Dave Roberts stood on the lip of the mound at Chase Field and rubbed a baseball with his hands. It was too late to transfer any magic onto the object. It was too late to save this evening. The Dodgers' bullpen had already blown a lead and cost Clayton Kershaw a victory in a 4-3 defeat to the Diamondbacks.
Managing in the major leagues is challenging. Managing in the major leagues with a tinderbox bullpen is excruciating. For most of his first two seasons running the Dodgers, Roberts avoided this fate. His third year at the helm has proved far more troubling, at least through the first six weeks. He does not know whom he can trust among his relievers; in truth, he must mistrust them all.
"The 'pen, the last nine, 10 days, it's been rough," Roberts said. "It's been a slump. We've got to find a way to get out of it."
Adam Liberatore became the latest reliever to falter. He was not an outlier: Daniel Hudson, Tony Cingrani and Pedro Baez have all met similar fates in the last few days. On Tuesday, trying to protect a one-run lead for Kershaw and the Dodgers, Liberatore faced three batters in the seventh. The first two hit singles. The third was Arizona outfielder Daniel Descalso. He slashed a two-run triple to send the Dodgers (12-17) careening toward their seventh defeat in eight games.
The standings do not offer solace. The Dodgers are 2-5 in games started by Kershaw and 1-7 against Arizona. They trail the Diamondbacks by nine games in the National League West.
"It doesn't matter what month it is," Kershaw said. "If you're 10 games out, you better start playing well."
Kershaw gave up two runs, both on solo home runs, in six innings. He struck out six. Cody Bellinger supplied a two-run homer in the third inning as the Dodgers took a 3-1 lead. After Bellinger went deep, the offense did not record another hit. And the pitching staff could not hold the advantage.
Kershaw returned to the mound after a bizarre outing last week. Facing the Miami Marlins, Kershaw lost command of his fastball, curveball and slider. He issued six walks in five innings, and former Dodger Miguel Rojas bashed a three-run homer. It was Kershaw's shortest outing of the season.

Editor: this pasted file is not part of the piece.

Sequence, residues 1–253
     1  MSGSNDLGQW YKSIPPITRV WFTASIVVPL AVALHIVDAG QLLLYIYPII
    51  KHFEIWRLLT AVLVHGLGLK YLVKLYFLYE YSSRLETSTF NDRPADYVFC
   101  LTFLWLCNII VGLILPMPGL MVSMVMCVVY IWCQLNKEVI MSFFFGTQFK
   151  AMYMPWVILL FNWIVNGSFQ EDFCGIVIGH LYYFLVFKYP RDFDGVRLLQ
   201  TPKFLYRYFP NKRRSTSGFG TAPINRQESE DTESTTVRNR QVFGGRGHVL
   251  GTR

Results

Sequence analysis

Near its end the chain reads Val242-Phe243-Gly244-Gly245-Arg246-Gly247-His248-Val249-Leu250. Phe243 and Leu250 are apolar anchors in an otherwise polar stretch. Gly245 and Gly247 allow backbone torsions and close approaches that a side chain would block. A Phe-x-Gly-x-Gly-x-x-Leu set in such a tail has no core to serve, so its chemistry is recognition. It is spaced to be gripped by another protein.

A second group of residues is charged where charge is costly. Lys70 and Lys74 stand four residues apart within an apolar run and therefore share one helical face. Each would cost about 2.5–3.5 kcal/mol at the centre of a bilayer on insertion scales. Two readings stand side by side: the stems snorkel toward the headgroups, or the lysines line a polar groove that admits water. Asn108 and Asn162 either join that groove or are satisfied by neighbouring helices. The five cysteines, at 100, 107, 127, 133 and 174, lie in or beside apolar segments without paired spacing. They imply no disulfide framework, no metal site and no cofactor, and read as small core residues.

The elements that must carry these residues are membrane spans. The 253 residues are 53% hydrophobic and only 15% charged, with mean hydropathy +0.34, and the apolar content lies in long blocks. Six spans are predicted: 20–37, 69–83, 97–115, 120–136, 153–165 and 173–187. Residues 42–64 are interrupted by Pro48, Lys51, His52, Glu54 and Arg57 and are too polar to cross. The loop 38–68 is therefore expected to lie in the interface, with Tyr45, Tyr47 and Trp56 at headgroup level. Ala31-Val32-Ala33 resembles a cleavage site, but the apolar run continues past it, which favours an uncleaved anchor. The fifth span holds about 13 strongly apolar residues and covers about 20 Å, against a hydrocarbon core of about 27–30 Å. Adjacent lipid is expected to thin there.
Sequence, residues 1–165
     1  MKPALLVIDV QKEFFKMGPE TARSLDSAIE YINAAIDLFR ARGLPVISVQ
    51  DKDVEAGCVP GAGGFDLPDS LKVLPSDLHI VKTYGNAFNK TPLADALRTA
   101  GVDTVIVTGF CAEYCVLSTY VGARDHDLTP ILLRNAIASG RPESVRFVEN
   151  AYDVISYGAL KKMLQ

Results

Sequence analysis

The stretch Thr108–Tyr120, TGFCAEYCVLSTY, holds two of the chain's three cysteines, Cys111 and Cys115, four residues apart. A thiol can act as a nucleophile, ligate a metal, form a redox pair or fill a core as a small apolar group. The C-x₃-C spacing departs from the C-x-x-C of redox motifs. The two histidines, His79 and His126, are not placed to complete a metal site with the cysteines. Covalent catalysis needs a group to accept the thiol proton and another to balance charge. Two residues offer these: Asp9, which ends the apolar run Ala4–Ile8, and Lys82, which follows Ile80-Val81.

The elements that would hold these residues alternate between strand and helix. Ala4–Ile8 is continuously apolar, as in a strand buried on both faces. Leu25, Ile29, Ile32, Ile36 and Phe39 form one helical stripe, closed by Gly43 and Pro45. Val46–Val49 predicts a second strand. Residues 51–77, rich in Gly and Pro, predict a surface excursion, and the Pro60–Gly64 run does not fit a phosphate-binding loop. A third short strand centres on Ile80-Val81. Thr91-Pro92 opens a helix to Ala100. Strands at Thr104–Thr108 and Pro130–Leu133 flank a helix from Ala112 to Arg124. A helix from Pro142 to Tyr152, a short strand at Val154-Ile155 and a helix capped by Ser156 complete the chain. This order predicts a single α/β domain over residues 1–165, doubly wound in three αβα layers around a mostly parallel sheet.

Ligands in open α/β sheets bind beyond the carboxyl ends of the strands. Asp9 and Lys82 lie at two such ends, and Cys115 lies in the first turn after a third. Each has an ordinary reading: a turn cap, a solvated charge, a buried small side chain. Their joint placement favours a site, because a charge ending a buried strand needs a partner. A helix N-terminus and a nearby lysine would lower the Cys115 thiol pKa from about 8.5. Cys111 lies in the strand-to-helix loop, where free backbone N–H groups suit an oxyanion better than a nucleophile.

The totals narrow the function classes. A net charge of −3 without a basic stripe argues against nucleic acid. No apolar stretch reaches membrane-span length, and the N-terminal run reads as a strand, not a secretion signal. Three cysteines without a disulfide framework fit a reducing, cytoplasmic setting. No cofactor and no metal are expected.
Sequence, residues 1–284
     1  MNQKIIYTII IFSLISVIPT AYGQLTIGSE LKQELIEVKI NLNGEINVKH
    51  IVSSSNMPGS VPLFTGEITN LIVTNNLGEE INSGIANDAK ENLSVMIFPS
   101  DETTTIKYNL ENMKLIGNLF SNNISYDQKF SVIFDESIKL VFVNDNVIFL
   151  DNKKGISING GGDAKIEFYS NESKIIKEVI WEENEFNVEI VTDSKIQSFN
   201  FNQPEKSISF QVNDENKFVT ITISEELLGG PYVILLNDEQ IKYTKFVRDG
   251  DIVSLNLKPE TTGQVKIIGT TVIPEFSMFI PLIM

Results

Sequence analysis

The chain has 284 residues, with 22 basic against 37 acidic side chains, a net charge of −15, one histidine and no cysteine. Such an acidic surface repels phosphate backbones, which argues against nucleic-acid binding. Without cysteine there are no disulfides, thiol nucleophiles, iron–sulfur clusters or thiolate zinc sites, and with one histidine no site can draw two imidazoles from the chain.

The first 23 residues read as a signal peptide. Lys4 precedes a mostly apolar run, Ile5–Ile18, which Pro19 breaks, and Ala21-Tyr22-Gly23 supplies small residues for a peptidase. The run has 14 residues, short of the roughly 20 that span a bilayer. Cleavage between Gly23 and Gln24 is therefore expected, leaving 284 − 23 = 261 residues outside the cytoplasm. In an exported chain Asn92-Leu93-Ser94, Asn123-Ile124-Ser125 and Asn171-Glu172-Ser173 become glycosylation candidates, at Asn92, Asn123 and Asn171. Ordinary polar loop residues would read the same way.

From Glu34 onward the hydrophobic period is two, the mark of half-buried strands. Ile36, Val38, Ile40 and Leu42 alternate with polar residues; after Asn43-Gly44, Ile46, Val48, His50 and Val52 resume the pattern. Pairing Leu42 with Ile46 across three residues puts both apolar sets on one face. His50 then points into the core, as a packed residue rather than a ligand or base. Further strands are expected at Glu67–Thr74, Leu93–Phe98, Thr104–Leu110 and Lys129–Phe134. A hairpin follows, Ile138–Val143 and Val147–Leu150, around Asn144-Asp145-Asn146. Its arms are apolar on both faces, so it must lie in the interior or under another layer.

On Tuesday, he ran into a force his teammates could not contain the night before. Diamondbacks outfielder A.J. Pollock had homered three times Monday, and in Tuesday's second inning. Kershaw fell behind 3-1. Pollock destroyed the next pitch for a solo shot.
"Probably shouldn't have thrown a bad slider, 3-1, right there," Kershaw said. "Especially the way he's going."
Bellinger introduced himself to Arizona starter Matt Koch in the third inning. With a runner at first, Bellinger pounded a 92.1-mph fastball deep into the right-field seats. He trotted around the bases at a reasonable clip. Two days earlier, he did not hustle enough to meet Roberts' standards. Now the manager greeted Bellinger in the dugout with a double high-five. The offense added another run after a two-base error by Descalso in the fourth.
Kershaw dealt with traffic on the bases in the third and the fourth. The stress caused his pitch count to rise.
In the fifth, pinch-hitter Christian Walker got a 2-1 slider at the waist and Walker launched a solo shot into the second deck of the left-field stands.
"I threw a bad slider," Kershaw said. "He did what he's supposed to do with it."
From there, the game nearly slipped from Kershaw's grasp. Descalso singled. Chase Utley could not smother a hard-hit grounder off the bat of shortstop Nick Ahmed. Looming in the on-deck circle were five-time All-Star first baseman Paul Goldschmidt and Pollock.
Goldschmidt gave the ballpark a jolt — but little more. Goldschmidt connected with a 3-2 curveball, but the result was only a towering fly ball into left field. Pollock chopped a grounder for the inning's third out.
The inning left Kershaw's pitch count at 92. Roberts sent him back for the sixth. Kershaw had much less trouble in securing the next three outs. He finished the inning in nine pitches. He had gone deep, but not deep enough.
"I'll hopefully make a few adjustments, try to get deeper in the game next time," Kershaw said.
His hopes for a win were dashed in the seventh. Liberatore, a left-handed reliever, faced a pair of right-handed hitters to start the outing. Third baseman Deven Marrero hit a single, and catcher John Ryan Murphy did the same. Up came Descalso, a left-handed batter, who capitalized on a belt-high fastball for the game-deciding triple.
"I just made bad pitches," Liberatore said. "They're too good to do that to."
Through 29 games, the Dodgers clearly miss the duo of Brandon Morrow and Tony Watson, who aided their bullpen in the second half of 2018. The Dodgers acquired Tom Koehler and Scott Alexander as replacements. Koehler is on the disabled list. Alexander is in the minors.
And few in this current iteration of the bullpen deserve their manager's trust.
"It's a funk," Roberts said. "We've got to get out of it."